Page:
The trajectory of left end effector is calculated from the right side with 50% phase lag. The localized movement of PA mechanism in 3D space is also analyzed and shown in Fig. 10. It is noted that the left and right end effectors of PA mechanism have the same trajectory in sagittal plane. In frontal plane, the trajectories have Fig. 8. The results are agreed with previous pelvic motion study in [48].

Figure 10
Fig. 10. Motion planning for PA mechanism in 3D space (solid lines—right side; dotted lines—left side).
SECTION IV

CLINICAL STUDY

Clinical study has been carried out to verify the performance of NaTUre-gaits in gait rehabilitation training. A 64 year old male subject with incomplete spinal cord injury (iSCI) participated in the study after giving informed consent. The clinical trial was carried out in a local rehabilitation center, Tan Tock Seng Hospital. During the trials, the ability of providing pelvic motion assistance, complete body weight support, lower limb assistance, and the experience of over ground walking by NaTUre-gaits were observed visually. Quantitative analysis is not planned for this initial trial of the system. The main objective of this trial is to complete 10-meter walk assisted by NaTUre-gaits without any disruption. Basic information of the subject (age, gender, height, weight) was recorded and anthropometric data were measured. With the determined walking speed for training, the gait parameters (stride length and cadence) were estimated and the gait pattern prediction model was applied to generate walking gait patterns for the subject.

The blood pressure and heart rate of the subjects were measured normal during trials. Average time for harness setup and strapping the subject to NaTUre-gaits was 13 minutes. The subject was instructed to perform four cycles of ten meter walk with NaTUre-gaits. It took about 18 minutes to complete one cycle of the walking gait training. Fig. 11 shows the NaTUre-gaits with subject in the gait rehabilitation training process. A survey form was completed by the subject after the clinical trial. The results revealed that the constraints from harness and strapping devices of NaTUre-gaits were acceptable. The lack of physical comfort when being assisted by the system to complete the gait locomotion was not felt by the subject. Through the clinical trial, we confirm the ability of NaTUre-gaits in providing gait locomotion assistance to iSCI subjects. Although two persons were needed for the strapping setup process, only one person was required for the control of NaTUre-gaits during the locomotion training process.

Figure 11
Fig. 11. NaTUre-gaits with an iSCI subject and its three main modules.
SECTION V

CONCLUSION

A newly proposed robotic gait rehabilitation system, NaTUre-gaits, has been presented in this work. Essential features of robotic assisted gait rehabilitation, such as unrestricted pelvic motion assistance, lower limb motion assistance, body weight support, and over-ground walking experience have been made possible with NaTUre-gaits.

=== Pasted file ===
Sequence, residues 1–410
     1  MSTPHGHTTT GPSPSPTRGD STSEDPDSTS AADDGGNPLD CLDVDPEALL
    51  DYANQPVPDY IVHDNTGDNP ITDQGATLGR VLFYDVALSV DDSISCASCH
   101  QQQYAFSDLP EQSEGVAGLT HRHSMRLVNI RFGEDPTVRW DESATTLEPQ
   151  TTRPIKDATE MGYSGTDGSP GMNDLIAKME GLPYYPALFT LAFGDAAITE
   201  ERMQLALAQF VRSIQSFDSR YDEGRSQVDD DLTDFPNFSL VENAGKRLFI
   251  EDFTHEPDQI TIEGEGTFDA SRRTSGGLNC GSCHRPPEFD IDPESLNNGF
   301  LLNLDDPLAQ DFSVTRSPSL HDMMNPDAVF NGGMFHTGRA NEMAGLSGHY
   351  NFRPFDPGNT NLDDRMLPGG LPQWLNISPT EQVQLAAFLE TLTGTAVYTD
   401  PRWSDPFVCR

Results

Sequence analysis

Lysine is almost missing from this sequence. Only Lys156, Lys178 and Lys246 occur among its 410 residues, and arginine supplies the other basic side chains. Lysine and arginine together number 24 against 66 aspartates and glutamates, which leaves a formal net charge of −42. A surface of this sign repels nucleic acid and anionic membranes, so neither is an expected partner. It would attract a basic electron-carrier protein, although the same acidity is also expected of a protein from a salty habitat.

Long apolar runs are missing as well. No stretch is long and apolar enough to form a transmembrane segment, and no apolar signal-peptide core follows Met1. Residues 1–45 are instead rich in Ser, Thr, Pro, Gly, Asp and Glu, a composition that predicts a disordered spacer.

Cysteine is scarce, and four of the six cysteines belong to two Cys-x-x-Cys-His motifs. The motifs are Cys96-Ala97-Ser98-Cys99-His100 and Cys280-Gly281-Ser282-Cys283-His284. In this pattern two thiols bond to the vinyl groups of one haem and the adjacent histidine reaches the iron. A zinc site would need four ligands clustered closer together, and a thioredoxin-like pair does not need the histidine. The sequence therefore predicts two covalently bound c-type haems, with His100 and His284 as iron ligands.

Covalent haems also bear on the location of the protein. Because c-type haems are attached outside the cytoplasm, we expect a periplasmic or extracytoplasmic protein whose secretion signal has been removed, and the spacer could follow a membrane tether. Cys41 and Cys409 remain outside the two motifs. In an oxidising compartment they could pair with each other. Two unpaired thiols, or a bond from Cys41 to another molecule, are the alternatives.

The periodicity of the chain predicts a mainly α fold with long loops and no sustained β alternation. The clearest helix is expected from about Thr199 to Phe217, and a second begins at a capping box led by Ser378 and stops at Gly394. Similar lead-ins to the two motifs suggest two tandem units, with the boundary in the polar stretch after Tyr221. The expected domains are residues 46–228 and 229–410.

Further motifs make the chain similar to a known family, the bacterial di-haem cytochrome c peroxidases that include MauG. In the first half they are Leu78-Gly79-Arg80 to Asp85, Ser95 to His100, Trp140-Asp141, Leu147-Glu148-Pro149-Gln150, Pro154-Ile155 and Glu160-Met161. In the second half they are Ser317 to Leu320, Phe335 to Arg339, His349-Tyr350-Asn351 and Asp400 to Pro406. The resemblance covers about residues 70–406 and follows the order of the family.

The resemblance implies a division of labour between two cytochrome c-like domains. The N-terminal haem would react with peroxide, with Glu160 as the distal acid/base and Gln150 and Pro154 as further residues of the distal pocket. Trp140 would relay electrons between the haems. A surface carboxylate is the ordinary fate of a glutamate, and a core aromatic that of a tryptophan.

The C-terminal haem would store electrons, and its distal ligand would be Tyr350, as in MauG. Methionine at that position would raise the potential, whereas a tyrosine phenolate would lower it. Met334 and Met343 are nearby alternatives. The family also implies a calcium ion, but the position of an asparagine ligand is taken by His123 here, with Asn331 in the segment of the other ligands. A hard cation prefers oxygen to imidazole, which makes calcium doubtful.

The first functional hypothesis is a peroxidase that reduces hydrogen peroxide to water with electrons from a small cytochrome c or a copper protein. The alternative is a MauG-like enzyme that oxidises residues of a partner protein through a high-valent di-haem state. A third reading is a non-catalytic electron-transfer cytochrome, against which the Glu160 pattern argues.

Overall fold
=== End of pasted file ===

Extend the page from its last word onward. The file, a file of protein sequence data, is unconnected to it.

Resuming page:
Three robotic modules have been introduced in this work to enable the robotic gait rehabilitation system to provide body weight support gait rehabilitation, with assistance provided to hip and lower limb movement, in the context of over-ground walking. The unique feature found on NaTUre-gaits is the provision of pelvic motion assistance and body weight support with the pelvic assistance mechanism.

Clinical trials have been successfully carried out for one male iSCI subject. The recruited subject tolerated the device well throughout the one hour trial. The trials confirm the ability of NaTUre-gaits in the provision of gait locomotion assistance. The significant reduction on the laborious demanding of human helpers for over-ground gait training has been demonstrated. The next phase of this work will be embarking on the study of the advantage brought by pelvic motion assistance during gait locomotion training. The procedure of harness wearing and the design of the harness shall be refined such that it can be worn with least possibility of misalignment and in shorten time.

Currently, NaTUre-gaits only moves the subject along predefined trajectories and does not adapt the gait pattern to the activity of the subject. This is a position controlled training (also known as passive training). If subjects are trained with totally passive training strategy, they tend to train with reduced activity of muscles and metabolism. For example, people with SCI who walk in a robotic gait training device with position control consumed 60% less energy than in traditional therapist assisted therapy [49]. Hidler et al. [50] showed that conventional gait training appears to be more effective than robotic-assisted gait training and robotic guidance may reduce volitional muscle activity. Cooperative control strategies are expected to stimulate active participation from the subjects. Therefore, it is assumed that subject-cooperative control strategies will maximize the therapeutic outcome. A subject-cooperative control strategy named speed adaptation control strategy is being developed for NaTUre-gaits to improve the therapeutic outcomes of locomotor training process. In this control strategy, gait pattern will be adapted to follow a desired walking speed based on the performance and effort from the subject during the training process.